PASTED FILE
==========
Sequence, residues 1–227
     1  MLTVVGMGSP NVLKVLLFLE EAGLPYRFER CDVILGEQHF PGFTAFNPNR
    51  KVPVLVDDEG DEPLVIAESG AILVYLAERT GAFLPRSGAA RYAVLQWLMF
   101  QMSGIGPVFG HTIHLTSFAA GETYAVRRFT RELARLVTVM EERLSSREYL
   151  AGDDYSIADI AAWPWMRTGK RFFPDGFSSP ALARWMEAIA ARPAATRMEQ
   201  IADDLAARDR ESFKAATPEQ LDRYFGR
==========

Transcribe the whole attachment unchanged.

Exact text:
Sequence, residues 1–227
     1  MLTVVGMGSP NVLKVLLFLE EAGLPYRFER CDVILGEQHF PGFTAFNPNR
    51  KVPVLVDDEG DEPLVIAESG AILVYLAERT GAFLPRSGAA RYAVLQWLMF
   101  QMSGIGPVFG HTIHLTSFAA GETYAVRRFT RELARLVTVM EERLSSREYL
   151  AGDDYSIADI AAWPWMRTGK RFFPDGFSSP ALARWMEAIA ARPAATRMEQ
   201  IADDLAARDR ESFKAATPEQ LDRYFGR